RAQQA, SYRIA (AFP) - At a house in Syria's Raqqa, women and men danced together in celebration at a wedding that would have been unimaginable just months ago, when the Islamic State in Iraq and Syria (ISIS) group ruled the city.
Residents said that Ahmad and Heba's wedding, held last Friday (Oct 27) in Raqqa's western neighbourhood of Jazra, was the first in the city since US-backed forces seized it on Oct 17.
Out on the patio, a man in a dark robe and a thick puffer vest spun his prayer beads to the beat as he led a line of men and women in the dabke, a Levantine dance performed at celebrations.
The dancers hopped and swayed to and fro as children ran around. Elders looked on approvingly from seats and benches on the edge of the makeshift dance floor. Almost everything in the scene would have been impossible during the three years of brutal ISIS rule.
The group banned music and dancing, imposed a strict dress code, prevented women from wearing make-up, and forcefully prohibited the mixing of men and women.
But in Jazra on Friday, music mingled with the sound of generators providing the only electricity in the ravaged district, which like much of the city was heavily damaged during more than four months of fighting.
Jazra was one of the first districts of Raqqa to be captured by the US-backed Syrian Democratic Forces, an alliance of Kurdish and Arab fighters that broke into the city in June.
The groom's family, unlike many others who fled Raqqa during the fighting, were able to return to their neighbourhood and celebrate. "We're very happy, it's the first wedding since the jihadists left," Ahmed's father Uthman Ibrahim said as he received guests.
"Before ISIS, there was dabke, songs and the traditional rituals of the region at our marriages, but ISIS banned everything, there was not a single celebration," the man in his fifties said. "Today it's a return to joy," he added, his face lit up with happiness.
An elderly man, wearing a long robe and a pristine white headscarf, performed mawals, unaccompanied poetic songs sung across the Middle East.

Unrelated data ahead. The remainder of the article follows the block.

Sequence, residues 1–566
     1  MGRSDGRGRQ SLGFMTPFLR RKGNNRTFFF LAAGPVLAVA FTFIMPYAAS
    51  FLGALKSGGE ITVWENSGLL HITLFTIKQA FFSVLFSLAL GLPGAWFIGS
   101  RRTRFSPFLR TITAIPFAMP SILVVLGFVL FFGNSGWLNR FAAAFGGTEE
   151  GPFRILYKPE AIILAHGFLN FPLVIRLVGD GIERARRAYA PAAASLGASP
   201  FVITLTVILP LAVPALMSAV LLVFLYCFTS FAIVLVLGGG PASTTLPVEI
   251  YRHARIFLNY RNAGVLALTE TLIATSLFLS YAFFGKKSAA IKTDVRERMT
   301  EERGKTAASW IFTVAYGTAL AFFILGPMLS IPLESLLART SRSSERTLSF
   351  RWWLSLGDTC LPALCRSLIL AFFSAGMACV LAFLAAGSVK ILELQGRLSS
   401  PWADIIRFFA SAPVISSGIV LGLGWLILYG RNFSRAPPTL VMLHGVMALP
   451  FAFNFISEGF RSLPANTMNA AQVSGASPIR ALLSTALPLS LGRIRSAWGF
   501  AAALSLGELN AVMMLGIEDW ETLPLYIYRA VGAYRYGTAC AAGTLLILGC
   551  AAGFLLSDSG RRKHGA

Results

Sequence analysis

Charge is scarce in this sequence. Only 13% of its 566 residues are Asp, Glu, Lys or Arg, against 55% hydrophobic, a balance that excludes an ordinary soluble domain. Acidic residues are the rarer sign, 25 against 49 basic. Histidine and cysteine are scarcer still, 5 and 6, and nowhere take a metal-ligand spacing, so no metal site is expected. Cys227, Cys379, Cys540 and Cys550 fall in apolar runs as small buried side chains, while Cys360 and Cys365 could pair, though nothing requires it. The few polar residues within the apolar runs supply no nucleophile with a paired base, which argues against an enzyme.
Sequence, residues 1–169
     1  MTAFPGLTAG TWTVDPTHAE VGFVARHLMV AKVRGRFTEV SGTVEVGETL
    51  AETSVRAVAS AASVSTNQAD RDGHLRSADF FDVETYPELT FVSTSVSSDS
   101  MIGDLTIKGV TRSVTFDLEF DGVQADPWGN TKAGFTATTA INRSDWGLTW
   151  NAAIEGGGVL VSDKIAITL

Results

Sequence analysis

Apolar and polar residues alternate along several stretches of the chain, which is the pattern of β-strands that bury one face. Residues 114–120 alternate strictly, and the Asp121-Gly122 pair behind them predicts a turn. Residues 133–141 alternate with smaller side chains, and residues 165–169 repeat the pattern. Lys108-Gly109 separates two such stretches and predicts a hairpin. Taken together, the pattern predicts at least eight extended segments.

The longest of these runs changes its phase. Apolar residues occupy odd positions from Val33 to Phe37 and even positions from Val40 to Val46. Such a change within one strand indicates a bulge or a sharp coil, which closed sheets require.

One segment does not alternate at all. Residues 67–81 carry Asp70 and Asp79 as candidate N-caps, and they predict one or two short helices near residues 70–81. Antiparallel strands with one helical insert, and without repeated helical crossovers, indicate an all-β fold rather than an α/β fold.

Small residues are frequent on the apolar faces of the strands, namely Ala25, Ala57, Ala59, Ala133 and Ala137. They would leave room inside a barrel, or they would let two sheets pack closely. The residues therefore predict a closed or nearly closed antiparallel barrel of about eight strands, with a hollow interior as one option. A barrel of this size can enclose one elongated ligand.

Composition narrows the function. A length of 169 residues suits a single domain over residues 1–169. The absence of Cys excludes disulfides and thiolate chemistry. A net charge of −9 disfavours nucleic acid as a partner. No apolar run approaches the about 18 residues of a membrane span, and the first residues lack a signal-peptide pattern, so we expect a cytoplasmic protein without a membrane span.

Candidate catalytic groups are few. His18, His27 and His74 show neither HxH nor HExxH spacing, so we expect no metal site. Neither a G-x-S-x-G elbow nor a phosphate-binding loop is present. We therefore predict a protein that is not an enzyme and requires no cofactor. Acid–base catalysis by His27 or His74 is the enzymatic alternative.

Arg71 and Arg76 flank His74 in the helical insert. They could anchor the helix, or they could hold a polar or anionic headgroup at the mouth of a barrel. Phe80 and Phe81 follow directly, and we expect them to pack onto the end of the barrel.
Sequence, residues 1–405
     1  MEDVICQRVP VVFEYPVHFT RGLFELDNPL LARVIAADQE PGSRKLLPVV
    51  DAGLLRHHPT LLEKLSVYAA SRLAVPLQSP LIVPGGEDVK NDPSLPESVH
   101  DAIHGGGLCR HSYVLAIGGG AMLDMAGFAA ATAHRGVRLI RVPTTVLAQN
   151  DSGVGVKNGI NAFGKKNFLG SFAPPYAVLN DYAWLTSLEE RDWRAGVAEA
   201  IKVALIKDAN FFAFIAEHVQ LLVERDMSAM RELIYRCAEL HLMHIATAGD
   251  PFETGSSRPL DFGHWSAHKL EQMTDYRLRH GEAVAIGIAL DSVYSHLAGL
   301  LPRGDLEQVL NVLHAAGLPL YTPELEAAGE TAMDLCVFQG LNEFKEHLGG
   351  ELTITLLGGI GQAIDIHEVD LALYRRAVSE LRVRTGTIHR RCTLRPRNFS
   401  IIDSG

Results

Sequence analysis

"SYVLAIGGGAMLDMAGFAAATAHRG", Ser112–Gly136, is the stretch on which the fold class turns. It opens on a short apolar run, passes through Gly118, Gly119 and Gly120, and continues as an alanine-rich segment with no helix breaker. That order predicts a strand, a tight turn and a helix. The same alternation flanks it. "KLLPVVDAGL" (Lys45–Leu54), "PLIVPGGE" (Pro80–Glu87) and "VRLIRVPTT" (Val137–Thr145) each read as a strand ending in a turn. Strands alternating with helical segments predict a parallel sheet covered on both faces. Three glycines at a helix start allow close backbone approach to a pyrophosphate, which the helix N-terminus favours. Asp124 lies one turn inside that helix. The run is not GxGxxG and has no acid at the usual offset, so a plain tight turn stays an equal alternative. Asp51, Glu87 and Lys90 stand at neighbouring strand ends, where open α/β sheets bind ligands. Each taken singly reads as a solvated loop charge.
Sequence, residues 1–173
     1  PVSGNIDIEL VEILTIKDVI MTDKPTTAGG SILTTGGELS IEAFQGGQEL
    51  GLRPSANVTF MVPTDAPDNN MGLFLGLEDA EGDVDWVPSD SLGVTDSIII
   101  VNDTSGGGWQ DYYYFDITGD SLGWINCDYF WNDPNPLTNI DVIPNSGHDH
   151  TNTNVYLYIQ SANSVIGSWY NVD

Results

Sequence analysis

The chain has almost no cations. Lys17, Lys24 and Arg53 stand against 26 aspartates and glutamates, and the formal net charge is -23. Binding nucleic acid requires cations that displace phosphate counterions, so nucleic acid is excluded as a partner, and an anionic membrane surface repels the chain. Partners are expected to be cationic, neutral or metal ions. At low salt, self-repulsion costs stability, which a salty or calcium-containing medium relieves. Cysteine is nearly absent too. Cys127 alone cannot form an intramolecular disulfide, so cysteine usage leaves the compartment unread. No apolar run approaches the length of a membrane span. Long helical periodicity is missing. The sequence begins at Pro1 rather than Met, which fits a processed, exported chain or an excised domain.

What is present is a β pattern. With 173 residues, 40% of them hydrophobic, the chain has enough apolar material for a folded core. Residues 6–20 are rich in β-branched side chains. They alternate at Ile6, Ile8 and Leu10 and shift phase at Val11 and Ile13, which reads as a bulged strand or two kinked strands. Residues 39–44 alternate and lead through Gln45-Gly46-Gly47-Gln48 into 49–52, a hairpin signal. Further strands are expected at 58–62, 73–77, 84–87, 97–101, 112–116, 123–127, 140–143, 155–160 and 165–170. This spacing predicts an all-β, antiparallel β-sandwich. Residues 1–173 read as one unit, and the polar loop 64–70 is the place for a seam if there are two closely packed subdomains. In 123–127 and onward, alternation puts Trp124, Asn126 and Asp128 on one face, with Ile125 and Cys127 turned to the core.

Female guests, forced under jihadist rule to wear all-enveloping black including gloves and face veils, took obvious delight in sporting patterned robes and bright red lipstick.
Some covered their hair with matching patterned scarves, while others, including the bride, had their locks coiffed for the occasion.
Seated on plastic chairs, the young bride and groom looked slightly nervous.
Eighteen-year-old Ahmad wore a traditional brown robe, while his new wife was dressed in a frothy white wedding dress, a layer of tulle embroidered with a floral pattern draped over its ballgown bottom.
A delicate veil edged with white flowers rested on her tightly curled hair, and a gold headpiece dangled over her eyebrows, darkened with make-up. Her hands were painted with henna patterns and she fiddled nervously with a bouquet of artificial flowers.
Around the couple, guests took photos with mobile phones while little girls also made-up with darkened eyebrows and coloured lips danced to the beat of the music. Other children handed out water or brought chairs for late arrivals.
"It's been a long time since we've had a party," said Umm Ahmed, the groom's 25-year-old cousin, dressed in a traditional robe with black hair tumbling over her shoulders."We're celebrating with joy this marriage after the end of ISIS' rule," she said with a large smile.
The smell of perfume hung in the air, and women ululated in celebration. Khalaf al-Mohammed, another of the groom's cousins, was delighted by the celebration.
"It's been years since we danced the dabke, we're tasting life again," the 27-year-old said, leading the line of dancers and spinning his prayer beads.
"Everyone was waiting for this moment. What use is there to a wedding when everything is black?" he asked, referring both to the robes ISIS imposed on women and to the colour of the group's flag. "Today everything is white," he said, with a smile.
For now, Raqqa is virtually uninhabitable, with many buildings destroyed and large parts of the city off-limits for fear of unexploded ordnance. Hundreds of civilians were killed in the fighting and many residents are still searching for missing family members.
But for the wedding guests, the celebration was a glimmer of hope for the future.
"Raqqa will be happy again," said Ms Khaldiya, the groom's aunt, as she tapped out a beat on a small drum. "No one will prevent us from singing and dancing," the 30-year-old said. "We will party as we like."